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Mike Smith leads Phoenix Coyotes to Round 2 for 1st time, eliminating Blackhawks

Greg Wyshynski
Puck Daddy

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AP

Mike Smith's first NHL game involved the Phoenix Coyotes.

It was Oct. 22, 2006, as a member of the Dallas Stars. He misplayed the puck a few times early, with what Stars coach Dave Tippett called "happy feet"; at one point falling behind his own net and having to lunge for the puck with his paddle. But in the end, Smith had a 4-0 shutout, and his first win in the NHL.

In the 2012 Stanley Cup Playofs, Smith is the Coyotes goalie. Dave Tippett is his coach. After Game 6 in Chicago, the two of them have led this franchise to the second round of the playoffs for the first time in since the Jets moved to Phoenix — Smith's first series victory coming on another 4-0 shutout.

"It's a bonus," said Smith after the game of the shutout, to NBC, "but obviously winning the first series in franchise history is a huge achievement for our team."

Smith was the difference in the clincher: Stopping 39 shots, including an outstanding first period that saw the Blackhawks outshoot the Coyotes 16-2. For the series, he stopped 229 of 241 shots, the most faced by any netminder in the playoffs.

A goaltending star was born in this first round for Phoenix, one that will now battle Pekka Rinne and the Nashville Predators in a second-round series between the No. 3 and No. 4 seeds.

This used to be Ilya Bryzgalov's team, back when he was posting stellar goals-against averages under Tippett in the regular season. Smith was signed last July to replace him after Bryz (space) traveled to the Philadelphia Flyers and their elephantine contract.

Smith signed for $4 million over two years, or roughly $47 million poorer than Bryzgalov's with the Flyers.

[ Also: Henrik Lundqvist irate over controversial Senators goal in Game 6 ]

Some saw him as a stopgap; a goalie whose numbers had tumbled since his days with Dallas. Coyotes General Manager Don Maloney watched Smith in the playoffs for the Tampa Bay Lightning and sensed "it's there, there's an elite goaltender there."

(You think Yzerman would like that one back?)

Smith, meanwhile, was eager to reunite with Tippett. "I believe in what he does. I believe in his system. I think it's very goalie friendly," he said before the season.

He was also eager to work with goaltending coach Sean Burke, seeing similarities in style, size and comportment.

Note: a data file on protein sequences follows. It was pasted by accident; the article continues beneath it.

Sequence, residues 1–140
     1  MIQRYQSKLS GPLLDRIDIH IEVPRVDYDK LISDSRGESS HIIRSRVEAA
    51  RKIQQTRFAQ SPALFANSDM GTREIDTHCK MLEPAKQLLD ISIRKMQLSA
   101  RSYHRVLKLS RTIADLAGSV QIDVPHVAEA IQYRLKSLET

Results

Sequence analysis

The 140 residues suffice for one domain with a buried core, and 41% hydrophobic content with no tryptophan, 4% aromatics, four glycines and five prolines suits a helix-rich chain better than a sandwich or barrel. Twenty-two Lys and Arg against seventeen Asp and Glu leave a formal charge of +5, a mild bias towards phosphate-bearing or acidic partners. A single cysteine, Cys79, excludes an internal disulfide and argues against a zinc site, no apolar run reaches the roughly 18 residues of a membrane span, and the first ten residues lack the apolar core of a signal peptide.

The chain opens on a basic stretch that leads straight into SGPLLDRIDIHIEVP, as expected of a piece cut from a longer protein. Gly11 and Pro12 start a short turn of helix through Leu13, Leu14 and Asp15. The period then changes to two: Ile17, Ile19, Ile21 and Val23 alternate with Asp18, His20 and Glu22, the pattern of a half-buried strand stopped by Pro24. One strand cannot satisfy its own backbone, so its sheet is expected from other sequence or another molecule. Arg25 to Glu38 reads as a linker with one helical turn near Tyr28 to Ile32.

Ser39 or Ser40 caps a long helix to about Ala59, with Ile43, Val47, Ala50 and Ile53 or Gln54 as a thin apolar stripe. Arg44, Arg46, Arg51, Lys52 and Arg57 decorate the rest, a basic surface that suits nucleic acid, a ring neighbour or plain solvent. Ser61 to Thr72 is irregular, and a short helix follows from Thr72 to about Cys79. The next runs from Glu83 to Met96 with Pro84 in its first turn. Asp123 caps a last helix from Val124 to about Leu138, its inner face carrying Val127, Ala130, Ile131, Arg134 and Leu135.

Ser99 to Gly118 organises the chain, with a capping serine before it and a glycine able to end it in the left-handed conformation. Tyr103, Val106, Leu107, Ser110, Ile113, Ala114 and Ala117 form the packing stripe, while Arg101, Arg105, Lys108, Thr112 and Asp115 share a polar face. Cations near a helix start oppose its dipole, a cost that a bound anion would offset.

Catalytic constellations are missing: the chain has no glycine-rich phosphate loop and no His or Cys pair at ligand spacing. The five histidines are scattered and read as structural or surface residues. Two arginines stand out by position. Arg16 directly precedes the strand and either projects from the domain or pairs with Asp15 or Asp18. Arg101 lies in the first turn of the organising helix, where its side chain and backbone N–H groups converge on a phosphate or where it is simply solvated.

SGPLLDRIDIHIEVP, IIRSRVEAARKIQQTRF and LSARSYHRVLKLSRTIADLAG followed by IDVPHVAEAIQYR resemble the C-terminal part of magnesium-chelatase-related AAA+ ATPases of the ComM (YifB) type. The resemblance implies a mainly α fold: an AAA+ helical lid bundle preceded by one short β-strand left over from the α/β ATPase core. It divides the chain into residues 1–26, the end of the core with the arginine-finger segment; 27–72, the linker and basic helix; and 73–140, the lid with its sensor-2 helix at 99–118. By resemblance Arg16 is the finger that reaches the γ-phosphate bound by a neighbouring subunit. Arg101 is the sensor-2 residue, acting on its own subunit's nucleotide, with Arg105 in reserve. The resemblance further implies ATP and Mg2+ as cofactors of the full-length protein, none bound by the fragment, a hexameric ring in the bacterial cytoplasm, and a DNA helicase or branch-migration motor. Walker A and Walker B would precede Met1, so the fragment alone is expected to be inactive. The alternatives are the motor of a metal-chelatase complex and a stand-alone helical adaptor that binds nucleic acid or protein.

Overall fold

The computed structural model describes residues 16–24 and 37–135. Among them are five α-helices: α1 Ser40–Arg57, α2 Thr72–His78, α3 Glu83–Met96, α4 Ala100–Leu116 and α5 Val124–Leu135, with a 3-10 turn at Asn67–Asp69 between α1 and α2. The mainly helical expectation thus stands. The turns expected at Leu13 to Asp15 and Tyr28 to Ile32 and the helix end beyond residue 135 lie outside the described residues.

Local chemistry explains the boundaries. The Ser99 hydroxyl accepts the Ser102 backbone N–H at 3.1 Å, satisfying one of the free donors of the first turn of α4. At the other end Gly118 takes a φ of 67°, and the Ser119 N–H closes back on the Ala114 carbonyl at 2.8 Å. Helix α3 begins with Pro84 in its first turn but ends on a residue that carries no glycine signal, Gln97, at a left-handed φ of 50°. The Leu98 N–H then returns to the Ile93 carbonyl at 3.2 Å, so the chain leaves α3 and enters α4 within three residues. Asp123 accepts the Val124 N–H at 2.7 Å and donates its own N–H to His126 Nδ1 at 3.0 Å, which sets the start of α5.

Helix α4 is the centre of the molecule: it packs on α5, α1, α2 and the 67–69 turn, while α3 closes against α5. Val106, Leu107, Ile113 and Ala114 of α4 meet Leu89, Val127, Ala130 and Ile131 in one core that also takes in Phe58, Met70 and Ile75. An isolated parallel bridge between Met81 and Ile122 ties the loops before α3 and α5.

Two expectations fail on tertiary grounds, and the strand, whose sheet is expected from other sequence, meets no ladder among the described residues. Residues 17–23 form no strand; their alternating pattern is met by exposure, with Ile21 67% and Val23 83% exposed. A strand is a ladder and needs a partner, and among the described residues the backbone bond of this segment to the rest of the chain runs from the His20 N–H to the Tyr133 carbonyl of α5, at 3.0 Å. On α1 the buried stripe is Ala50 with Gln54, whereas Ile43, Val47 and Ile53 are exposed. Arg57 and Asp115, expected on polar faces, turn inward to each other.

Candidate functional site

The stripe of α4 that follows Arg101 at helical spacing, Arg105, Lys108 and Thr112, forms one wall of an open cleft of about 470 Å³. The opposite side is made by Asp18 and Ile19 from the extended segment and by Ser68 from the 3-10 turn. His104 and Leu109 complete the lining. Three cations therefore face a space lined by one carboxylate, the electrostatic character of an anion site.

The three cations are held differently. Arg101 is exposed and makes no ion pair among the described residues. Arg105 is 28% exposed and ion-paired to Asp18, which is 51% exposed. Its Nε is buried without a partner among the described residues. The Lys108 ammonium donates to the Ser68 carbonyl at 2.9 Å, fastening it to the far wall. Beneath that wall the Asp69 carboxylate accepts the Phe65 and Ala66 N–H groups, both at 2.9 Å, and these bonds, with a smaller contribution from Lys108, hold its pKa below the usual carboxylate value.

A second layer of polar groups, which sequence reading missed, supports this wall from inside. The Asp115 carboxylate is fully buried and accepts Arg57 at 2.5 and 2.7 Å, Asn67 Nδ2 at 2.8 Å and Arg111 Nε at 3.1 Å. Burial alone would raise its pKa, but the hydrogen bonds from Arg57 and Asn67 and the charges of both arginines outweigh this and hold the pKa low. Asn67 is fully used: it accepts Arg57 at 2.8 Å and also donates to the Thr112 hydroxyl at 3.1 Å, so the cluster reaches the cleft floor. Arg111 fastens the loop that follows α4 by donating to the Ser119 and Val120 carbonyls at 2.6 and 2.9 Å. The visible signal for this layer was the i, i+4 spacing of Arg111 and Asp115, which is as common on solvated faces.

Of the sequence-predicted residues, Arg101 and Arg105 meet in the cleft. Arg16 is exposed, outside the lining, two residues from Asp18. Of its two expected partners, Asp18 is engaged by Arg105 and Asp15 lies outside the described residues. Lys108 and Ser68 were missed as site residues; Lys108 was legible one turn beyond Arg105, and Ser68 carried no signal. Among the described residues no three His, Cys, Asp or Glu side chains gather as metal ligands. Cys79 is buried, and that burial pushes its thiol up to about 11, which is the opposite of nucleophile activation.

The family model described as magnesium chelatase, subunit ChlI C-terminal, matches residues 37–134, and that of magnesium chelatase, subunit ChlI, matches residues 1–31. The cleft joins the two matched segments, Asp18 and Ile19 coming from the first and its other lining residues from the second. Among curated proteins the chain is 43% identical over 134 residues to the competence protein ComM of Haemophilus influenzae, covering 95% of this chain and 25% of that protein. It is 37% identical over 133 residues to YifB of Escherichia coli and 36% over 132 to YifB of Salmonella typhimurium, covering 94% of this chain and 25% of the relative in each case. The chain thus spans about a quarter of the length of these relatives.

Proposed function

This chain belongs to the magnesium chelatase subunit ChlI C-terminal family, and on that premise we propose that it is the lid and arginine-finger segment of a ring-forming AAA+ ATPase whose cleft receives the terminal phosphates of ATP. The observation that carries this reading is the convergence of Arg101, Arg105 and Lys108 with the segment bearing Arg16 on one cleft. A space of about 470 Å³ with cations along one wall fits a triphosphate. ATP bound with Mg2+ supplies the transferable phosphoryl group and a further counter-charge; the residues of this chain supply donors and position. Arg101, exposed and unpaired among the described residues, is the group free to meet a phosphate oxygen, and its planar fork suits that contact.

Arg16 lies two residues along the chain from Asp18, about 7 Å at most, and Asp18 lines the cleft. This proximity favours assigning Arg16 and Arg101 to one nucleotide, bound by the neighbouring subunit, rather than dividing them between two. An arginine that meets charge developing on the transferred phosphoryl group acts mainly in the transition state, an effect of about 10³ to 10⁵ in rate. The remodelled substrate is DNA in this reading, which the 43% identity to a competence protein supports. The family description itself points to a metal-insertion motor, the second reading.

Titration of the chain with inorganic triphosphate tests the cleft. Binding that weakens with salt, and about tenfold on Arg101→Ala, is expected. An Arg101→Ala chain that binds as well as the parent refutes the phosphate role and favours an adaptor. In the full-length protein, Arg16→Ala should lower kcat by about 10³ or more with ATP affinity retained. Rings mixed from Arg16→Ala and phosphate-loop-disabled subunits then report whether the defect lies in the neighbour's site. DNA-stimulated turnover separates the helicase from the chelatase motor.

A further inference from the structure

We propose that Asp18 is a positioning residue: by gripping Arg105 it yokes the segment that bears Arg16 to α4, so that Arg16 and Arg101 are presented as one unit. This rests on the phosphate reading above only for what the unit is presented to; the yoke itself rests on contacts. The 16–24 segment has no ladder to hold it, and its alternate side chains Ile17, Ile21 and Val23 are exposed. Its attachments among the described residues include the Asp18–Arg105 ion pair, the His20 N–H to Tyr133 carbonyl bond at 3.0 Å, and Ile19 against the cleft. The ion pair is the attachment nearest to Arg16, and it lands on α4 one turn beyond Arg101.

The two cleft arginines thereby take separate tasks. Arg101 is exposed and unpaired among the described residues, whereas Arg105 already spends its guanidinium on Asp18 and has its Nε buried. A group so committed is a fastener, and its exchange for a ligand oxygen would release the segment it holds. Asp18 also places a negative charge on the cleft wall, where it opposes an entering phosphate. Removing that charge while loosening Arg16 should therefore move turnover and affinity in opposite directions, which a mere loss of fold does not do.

The results were startling: Smith played a career high 67 games, and posted career bests in GAA (2.21) and save percentage (.930) while posting eight shutouts. His dominance transferred to the postseason, where he didn't allow more than two goals in all but Game 2 against the Chicago Blackhawks, winning three overtime affairs. He was as good as Bryzgalov was inconsistent for Tippett in the last two postseasons.

(Smith also did his part to shift the momentum, by any means necessary. Witness the Andrew Shaw affair.)

Of course, it helps when the supporting cast comes to play. Mikkel Boedker had two overtime game-winners. Antoine Vermette scored four goals, three of them on the power play. Oliver Ekman-Larsson played over 26 minutes per game. Eleven Coyotes scored goals in the win over Chicago. Radim Vrbata, who scored 35 of them in the regular season, wasn't one of them.

So now the Coyotes advance, become one of several incredible fairytales being written in Round 2. This one involves a feisty goalie that went from backup journeyman to playoff hero; a coach who finally has the postseason success to match the massive respect from his peers he shoulders; the captain, who plays in the second round for the first time in his 17-year NHL career; the general manager who finds more diamonds in the rough than Indiana Jones sliding round the nightclub floor in "Temple of Doom"; and, of course, the team that could be one City Council impasse away from relocation.

To that last point: Does Gary Bettman get a Stanley Cup ring if … well, stranger things have happened, right?

Like Mike Smith humbling the Chicago Blackhawks in six games.

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